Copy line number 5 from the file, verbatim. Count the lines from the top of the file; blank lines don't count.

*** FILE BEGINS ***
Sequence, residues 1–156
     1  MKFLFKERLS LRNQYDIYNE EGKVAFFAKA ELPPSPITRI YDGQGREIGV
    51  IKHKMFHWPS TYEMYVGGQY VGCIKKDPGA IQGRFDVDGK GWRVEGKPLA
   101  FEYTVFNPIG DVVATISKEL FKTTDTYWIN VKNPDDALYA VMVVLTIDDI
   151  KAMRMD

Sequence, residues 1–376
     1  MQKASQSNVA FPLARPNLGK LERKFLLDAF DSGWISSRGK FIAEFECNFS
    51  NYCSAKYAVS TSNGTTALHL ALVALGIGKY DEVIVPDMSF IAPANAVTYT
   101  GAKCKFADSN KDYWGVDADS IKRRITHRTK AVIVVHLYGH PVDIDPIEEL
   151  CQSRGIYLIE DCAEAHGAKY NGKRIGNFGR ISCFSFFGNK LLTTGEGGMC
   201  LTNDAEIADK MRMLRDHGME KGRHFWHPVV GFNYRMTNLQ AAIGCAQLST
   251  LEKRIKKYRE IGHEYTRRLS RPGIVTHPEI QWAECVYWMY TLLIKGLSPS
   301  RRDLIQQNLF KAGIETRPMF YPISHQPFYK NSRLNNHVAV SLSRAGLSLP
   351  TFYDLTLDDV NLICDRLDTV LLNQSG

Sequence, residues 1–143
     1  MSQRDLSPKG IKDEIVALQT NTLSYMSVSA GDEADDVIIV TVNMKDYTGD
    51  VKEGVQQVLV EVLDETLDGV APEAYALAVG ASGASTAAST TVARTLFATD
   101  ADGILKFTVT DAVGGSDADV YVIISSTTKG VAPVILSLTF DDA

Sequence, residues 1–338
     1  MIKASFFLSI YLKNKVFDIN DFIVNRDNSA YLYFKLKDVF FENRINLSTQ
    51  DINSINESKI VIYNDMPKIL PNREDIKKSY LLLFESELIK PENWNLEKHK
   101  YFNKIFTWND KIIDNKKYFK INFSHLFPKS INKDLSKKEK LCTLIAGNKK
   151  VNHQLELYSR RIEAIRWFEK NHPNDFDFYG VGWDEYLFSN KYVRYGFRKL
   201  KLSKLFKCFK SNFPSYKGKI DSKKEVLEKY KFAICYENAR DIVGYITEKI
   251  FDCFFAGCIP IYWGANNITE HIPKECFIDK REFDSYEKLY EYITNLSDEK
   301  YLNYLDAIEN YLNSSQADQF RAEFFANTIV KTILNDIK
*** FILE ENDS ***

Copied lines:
   151  KAMRMD